Mysore Wadiyars’ history reveals interesting unknown facts

Mysore Wadiyars’ history reveals interesting unknown facts

July 16, 2019

Mysuru:  The Third Edition of Mysuru Literature Festival organised by Mysuru Literary Forum Charitable Trust and Mysuru Book Clubs-2015 saw an interesting set of panellists at the Kannada sessions on Sunday.

In the first session titled “Mysuru Wadiyara ‘Pari’ Loka Paalakara ‘Maadari’ which is about the role of Wadiyars, the rulers of Mysore, three writers — Gouri Satya, Echanur Kumar and Dharmendra Kumar Arenalli — dwelt at length about the royal family and their significant contributions to the development of the State.

Dharmendra, who has written a book titled “Marethuhoda Mysurina Ithihasada Putagalu,” said that prior to the Sepoy Mutiny of 1857 which is well-known and written about, there is actually the first Sepoy Mutiny that occurred in 1807 in Srirangapatna. The British soldiers were given tent allowance to erect tents for the soldiers involved in the war. Tipu was killed in 1799 but the tent allowance was disallowed. The soldiers who fought against the British turned violent and demanded the allowance. Then they were receiving it till 1807 much after the death of Tipu,   the writer recalled.

He also reflected on the contribution of Maharani Lakshmi Ammanadevi, grandmother of Mummadi Krishnaraja Wadiyar, who had sent 2,000 soldiers to contain the Mutiny. 

Writer Gouri Satya, who himself has written a few books (Mysuru Memories, Prapthi and Mukthi) said that Mummadi Krishnaraja Wadiyar was the one who faced several challenges to protect the Mysore kingdom from the British. However, sadly his contributions have not got the recognition that is due to him, rued Gouri Satya, who writes a column titled Mysuru: A Look at its Past for Star of Mysore.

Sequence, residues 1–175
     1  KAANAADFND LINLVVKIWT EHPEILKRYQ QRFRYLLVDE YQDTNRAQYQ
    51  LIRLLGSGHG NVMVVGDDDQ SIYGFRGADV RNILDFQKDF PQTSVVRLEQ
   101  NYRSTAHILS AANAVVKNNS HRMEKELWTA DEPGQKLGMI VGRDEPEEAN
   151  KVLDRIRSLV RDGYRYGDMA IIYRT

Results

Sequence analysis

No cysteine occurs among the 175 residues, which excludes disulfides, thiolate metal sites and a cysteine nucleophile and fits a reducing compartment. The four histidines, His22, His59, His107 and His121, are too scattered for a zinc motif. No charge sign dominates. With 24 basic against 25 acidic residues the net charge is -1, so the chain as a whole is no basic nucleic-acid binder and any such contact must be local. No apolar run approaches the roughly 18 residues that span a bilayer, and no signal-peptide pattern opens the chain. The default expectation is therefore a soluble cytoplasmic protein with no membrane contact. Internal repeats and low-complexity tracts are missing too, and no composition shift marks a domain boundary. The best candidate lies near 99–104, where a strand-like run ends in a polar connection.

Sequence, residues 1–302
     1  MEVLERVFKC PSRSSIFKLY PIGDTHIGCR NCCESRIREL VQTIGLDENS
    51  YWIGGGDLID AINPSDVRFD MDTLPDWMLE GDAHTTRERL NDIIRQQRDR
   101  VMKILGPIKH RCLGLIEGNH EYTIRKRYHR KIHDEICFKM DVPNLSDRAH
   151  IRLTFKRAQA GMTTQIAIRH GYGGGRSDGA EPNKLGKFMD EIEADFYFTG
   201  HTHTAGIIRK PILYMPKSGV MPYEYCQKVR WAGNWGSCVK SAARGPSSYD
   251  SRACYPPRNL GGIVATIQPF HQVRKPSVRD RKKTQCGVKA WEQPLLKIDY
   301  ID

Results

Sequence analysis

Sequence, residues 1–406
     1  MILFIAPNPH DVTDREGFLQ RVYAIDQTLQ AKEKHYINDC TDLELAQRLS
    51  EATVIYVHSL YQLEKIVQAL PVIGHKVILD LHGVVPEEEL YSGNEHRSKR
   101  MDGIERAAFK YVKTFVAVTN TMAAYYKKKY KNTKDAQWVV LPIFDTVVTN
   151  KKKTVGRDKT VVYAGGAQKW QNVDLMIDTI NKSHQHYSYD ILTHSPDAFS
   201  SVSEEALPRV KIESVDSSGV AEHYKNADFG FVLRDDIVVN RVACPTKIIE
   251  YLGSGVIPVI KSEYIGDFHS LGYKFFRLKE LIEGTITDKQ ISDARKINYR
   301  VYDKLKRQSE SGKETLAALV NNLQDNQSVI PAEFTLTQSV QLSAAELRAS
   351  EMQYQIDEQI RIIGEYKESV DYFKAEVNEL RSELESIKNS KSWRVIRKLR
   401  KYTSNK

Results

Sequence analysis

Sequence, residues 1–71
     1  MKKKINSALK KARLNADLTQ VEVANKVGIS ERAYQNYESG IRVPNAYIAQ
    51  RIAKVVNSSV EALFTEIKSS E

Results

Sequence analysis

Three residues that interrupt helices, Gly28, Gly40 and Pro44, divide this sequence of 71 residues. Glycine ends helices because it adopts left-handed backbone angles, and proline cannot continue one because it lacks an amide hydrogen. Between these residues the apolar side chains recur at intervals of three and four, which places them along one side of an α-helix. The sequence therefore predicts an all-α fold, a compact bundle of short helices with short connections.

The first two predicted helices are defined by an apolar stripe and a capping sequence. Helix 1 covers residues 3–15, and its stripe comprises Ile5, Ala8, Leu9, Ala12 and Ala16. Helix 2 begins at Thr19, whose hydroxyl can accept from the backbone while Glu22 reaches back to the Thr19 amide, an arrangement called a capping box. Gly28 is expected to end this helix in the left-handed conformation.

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When moderator Prof. C. Naganna asked him about how sometimes history can misinterpret and asked Gouri to highlight about who is the actual ruler in whose name the title was coined, “Krishnaraja Bhoopa, Mane Mane Deepa,” he said the title was given to Mummadi and not Nalwadi Krishnaraja Wadiyar.

Mummadi was the first ruler to introduce street lamps during his reign. As many as 21 lamp posts were installed and every day a man would come with a ladder, clean the lamp and replace the wick, while another would come and pour oil and light the lamps. Thus the people gave him that title.

However, this was attributed to Nalwadi. But it could be said that this is also true because of his contribution towards the electrification of the city.

Dharmendra then said that the Mahatma Gandhi hydro-electric project at Jog Falls in Shivamogga district was supposed to be named after Nalwadi (as it started functioning during his tenure) by Sri Jayachamaraja Wadiyar. However, due to the assassination of Mahatma Gandhi at that time, he (Jayachamaraja Wadiyar) decided to name the project after Gandhiji. “Today, the place does not even display the photograph of  Wadiyar,” he lamented.

Lauding the Wadiyars who even today are close to the hearts of Mysureans, writer Echanur Kumar said that it was because of the concern shown by the Wadiyars towards the people. Right from Yaduraya, the first king of Mysore dynasty till Srikantadatta Narasimharaja Wadiyar, who passed away in 2013, to the present scion of the erstwhile royal family Yaduveer Krishnadatta Chamaraja Wadiyar, they were always with the people. 

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He also said that Praja Prathinidhi Sabha, the people’s Council was first introduced by Chamaraja Wadiyar X and the members were the common people of the State. Nalwadi was the first to introduce the concept of Janata Darshan when he ascended the throne on August 8, at Mysore Government Guest House, he added.


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